6. A virus, which exists in multiple lineages that are under strong selection by host immunity, falls into this [Inter-lineage selection versus just in case] category.
    Lineages that have more variability but are also not low-fidelity survive host immunity and persist. The rapid timescale at which this happens does not change what is going on fundamentally.


    The timescale of the selective pressure on the virus is not at all rapid with respect to the replication time of the virus. Is there a significant difference between survival of the virus in response to pressure from host immunity to survival of a species from environmental forces?

    Maybe I don't understand... Do you have a problem with genomic flexibility being evolutionarily advantageous?

    ReplyDelete
  7. anonymous asks,

    Maybe I don't understand... Do you have a problem with genomic flexibility being evolutionarily advantageous?

    One could easily imagine situations where having a "flexible" genome could be advantageous—during times of extreme environmental stress, for example.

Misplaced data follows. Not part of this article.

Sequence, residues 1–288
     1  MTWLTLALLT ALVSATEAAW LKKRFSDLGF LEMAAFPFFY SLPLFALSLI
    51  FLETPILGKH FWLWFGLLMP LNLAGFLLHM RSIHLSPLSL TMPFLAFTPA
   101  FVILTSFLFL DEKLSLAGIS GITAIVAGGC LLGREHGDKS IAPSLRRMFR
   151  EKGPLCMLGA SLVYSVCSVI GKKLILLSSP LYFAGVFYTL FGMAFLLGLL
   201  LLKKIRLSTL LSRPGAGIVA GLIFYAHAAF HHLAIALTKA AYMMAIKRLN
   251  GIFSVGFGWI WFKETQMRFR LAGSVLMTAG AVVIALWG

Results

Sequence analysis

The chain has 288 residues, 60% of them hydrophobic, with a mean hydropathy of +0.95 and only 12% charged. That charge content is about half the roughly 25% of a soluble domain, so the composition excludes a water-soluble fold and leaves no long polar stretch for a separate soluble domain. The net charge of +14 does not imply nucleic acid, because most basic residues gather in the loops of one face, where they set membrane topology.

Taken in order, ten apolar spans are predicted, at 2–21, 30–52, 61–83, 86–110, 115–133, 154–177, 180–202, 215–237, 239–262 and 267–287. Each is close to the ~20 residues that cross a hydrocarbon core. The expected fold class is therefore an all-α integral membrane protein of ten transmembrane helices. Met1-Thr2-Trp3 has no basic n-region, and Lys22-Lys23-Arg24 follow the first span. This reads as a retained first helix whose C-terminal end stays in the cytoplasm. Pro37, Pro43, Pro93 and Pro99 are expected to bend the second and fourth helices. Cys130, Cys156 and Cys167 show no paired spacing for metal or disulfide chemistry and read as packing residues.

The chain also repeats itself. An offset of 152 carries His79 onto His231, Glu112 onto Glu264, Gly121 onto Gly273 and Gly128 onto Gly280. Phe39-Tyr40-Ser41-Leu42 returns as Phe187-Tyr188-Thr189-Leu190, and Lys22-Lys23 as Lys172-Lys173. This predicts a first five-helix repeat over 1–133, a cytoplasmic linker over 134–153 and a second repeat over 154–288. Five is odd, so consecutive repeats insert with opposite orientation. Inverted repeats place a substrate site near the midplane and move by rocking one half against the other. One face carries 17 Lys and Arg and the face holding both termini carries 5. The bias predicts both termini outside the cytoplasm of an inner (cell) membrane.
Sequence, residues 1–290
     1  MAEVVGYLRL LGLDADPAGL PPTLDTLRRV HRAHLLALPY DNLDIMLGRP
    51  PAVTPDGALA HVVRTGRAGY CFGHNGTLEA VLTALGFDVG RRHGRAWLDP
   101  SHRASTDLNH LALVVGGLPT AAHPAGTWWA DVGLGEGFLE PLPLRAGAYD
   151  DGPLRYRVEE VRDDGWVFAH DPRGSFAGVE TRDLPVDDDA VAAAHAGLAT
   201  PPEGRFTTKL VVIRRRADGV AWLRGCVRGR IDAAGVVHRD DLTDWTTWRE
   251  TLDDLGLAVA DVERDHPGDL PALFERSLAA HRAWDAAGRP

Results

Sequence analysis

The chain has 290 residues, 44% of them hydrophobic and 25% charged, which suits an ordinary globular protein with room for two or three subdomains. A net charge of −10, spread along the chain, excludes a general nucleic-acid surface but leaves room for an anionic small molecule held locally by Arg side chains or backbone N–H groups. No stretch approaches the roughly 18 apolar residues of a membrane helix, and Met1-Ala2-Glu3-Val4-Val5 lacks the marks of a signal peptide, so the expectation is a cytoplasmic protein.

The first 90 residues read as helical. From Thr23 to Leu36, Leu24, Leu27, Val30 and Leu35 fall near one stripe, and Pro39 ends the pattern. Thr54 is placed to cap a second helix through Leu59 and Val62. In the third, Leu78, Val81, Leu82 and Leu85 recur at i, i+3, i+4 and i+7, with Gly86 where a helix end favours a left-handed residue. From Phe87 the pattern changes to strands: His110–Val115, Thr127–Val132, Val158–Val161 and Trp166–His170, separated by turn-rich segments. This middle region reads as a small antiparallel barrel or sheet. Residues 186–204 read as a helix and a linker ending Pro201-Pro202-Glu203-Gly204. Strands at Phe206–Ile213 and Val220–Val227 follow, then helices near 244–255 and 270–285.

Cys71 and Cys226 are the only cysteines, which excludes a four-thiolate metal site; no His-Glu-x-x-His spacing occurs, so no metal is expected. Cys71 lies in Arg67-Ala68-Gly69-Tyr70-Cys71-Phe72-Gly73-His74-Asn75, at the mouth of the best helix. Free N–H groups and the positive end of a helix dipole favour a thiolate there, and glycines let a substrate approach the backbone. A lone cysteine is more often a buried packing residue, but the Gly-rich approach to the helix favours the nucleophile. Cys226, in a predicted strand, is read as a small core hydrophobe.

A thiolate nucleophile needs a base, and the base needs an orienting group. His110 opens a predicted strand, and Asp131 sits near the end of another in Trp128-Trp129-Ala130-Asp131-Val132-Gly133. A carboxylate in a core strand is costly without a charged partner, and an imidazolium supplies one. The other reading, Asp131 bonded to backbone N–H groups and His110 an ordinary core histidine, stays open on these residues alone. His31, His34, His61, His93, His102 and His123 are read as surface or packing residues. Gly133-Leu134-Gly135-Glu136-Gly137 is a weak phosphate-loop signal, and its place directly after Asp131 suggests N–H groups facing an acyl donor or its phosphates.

However, most of the time this "flexible" genome will not be advantageous. No matter how useful it might be in the future, evolution cannot create a structure just because it will be helpful a million years from now. There are no crystal balls in biology.

    ReplyDelete
  8. No matter how useful it might be in the future, evolution cannot create a structure just because it will be helpful a million years from now. There are no crystal balls in biology.

    Of course. The structure isn't created to be useful a million years from now, the structure is created by accident. If it is insufficiently deleterious it can persist until such time as it (again accidentally) becomes required. Sufficiently strong positive selective pressure at that time can then fix the structure throughout the population. If this pattern of long-term weak negative pressure followed by short-term strong positive pressure is iterated, the capacity for seemingly detrimental structures as genomic flexibility or junk DNA can become ubiquitous.

    However, when a scientist makes an individual observation, it is likely to be made in one of the long-duration weak negative selective pressure intervals. The observation is going to appear to be anti-evolutionary, because we erroneously tend to assume that selective forces are approximately constant over time. If we don't question that assumption, then the existence of a structure which is obviously (but slightly) detrimental, such as an error-prone polymerase, or junk DNA, makes us cast about looking for what the "real function" of this structure is, even if it doesn't confer a fitness advantage now, but did at some time in the past, and may well again in the future.